Experts say the best way to protect your home from costly hurricane damage is to protect the areas in which wind can enter. A great time to hurricane your proof your home is when you are making other improvements or adding an addition.
According to recent wind technology research, it's important to strengthen the exterior of your house so wind and debris won't tear large openings in the structure.
You can prevent thousands in storm damage by taking in consideration the following tips for critical areas of your home:
Does your home have a gabled roof? If so, the end wall of your home takes a tremendous beating during a hurricane. If not properly braced, it can collapse, causing a large amount of damage. Gable end walls are easy to strengthen and should be a high priority on your retrofitting list.
Typically, gable end trusses are directly attached to the top of gable end walls. The bottom of the truss must be securely nailed to the top of the wall and braced to adjacent trusses. This prevents wind from pushing or pulling the gable end at its critical point, where the gable truss is connected along the gable wall.
Shingles are usually not designed to resist hurricane-force winds. For increased wind resistance, have a qualified person inspect several single tabs to see if the adhesive is engaged with the roof. If not, use a quick-setting asphalt cement to bond them together.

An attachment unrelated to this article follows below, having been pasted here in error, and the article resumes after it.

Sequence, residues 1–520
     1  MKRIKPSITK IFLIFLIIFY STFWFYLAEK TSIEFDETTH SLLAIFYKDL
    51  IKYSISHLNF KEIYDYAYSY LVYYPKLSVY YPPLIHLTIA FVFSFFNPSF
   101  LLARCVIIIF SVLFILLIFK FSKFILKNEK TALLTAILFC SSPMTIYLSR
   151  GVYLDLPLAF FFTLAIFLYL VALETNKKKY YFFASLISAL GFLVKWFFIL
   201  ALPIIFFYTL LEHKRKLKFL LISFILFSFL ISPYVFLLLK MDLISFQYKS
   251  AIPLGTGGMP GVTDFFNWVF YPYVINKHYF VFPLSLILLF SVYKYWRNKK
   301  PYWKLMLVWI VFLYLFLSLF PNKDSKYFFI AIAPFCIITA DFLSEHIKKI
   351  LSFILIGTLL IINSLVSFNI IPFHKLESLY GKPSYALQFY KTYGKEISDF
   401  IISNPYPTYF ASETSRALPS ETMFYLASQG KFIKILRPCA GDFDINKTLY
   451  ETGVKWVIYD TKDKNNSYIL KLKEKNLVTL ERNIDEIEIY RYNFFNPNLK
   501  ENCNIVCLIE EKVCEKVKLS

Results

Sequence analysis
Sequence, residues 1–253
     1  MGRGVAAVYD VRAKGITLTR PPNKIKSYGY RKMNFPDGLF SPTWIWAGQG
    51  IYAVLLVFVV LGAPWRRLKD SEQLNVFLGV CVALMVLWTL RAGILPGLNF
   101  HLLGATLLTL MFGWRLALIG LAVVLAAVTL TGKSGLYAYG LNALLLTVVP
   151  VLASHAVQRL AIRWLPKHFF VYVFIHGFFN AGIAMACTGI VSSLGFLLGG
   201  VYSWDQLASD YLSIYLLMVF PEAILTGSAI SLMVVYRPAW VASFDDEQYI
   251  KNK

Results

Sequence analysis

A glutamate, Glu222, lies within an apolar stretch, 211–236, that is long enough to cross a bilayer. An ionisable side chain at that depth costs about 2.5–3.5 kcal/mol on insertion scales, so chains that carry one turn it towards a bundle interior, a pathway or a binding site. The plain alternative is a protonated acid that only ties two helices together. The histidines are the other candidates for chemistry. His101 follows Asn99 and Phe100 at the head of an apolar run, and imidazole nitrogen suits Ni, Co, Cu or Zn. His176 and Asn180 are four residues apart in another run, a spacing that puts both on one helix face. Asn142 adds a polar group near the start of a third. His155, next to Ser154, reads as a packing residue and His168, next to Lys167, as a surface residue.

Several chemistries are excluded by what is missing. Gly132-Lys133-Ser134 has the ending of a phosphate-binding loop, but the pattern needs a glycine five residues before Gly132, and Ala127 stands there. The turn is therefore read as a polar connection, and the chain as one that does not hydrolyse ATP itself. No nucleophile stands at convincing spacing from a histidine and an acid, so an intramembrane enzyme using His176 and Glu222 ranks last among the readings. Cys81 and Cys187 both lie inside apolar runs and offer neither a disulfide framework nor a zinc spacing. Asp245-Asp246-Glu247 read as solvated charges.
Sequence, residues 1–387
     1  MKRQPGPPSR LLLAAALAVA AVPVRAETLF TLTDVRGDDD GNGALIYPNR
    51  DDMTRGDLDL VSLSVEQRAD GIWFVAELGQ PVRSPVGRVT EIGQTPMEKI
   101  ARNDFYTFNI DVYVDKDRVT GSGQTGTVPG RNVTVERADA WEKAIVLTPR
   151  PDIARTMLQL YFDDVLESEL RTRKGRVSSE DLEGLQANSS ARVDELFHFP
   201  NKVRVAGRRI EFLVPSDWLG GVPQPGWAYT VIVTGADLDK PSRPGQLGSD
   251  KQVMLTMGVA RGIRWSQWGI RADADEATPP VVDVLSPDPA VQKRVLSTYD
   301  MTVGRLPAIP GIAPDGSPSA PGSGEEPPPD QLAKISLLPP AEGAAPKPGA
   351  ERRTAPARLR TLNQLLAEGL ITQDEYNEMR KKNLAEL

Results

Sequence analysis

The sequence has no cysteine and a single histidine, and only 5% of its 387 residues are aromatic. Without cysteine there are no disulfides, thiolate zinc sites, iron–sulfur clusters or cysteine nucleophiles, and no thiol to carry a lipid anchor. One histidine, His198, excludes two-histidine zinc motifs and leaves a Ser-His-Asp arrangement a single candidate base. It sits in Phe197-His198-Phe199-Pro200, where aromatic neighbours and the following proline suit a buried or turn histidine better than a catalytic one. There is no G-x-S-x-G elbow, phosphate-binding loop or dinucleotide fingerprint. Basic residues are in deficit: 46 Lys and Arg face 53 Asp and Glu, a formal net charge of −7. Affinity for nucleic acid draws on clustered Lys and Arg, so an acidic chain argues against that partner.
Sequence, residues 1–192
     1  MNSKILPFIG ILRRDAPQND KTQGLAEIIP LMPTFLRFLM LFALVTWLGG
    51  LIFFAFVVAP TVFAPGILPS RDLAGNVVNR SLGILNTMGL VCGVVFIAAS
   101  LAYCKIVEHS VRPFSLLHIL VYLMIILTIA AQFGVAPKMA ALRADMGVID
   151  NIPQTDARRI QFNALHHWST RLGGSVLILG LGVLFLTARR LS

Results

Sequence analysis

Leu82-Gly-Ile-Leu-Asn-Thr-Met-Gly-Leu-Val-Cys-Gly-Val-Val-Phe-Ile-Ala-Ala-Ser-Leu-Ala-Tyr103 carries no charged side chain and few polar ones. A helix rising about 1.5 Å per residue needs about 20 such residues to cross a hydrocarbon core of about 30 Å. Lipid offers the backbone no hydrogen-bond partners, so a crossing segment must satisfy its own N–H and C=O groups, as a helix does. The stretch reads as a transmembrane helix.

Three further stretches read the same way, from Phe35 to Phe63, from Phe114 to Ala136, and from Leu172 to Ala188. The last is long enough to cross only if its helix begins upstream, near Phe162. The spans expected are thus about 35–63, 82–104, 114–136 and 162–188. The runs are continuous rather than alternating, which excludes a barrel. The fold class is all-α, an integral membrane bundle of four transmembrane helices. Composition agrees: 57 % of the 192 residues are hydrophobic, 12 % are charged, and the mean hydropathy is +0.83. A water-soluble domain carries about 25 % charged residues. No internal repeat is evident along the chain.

To cement the shingle tabs to the underlying shingles, place two spots of quick-setting asphalt cement about the size of a quarter under each tab with a putty knife or caulking gun. Press the tab into the adhesive. Be sure to cement all the tabs throughout the roof, being careful not to bend them farther than necessary when applying the adhesive. Replace any damaged shingles immediately.
- Install head and foot bolts on he inactive door of double-entry doors.
- Make sure your doors have at least three hinges and a dead bolt security lock, which has a minimum one-inch bolt throw length.
- Since double entry doors fail when their surface bolts break at the header trim or threshold, check the connections at both places. Be sure the surface bolt extends into the door header and through the threshold into the subfloor.
- Check with your local government building to see if there are code requirements for garage doors in your area.
- Check with your local building supplier or garage door retailer to see if a retrofit kit is available for your garage door.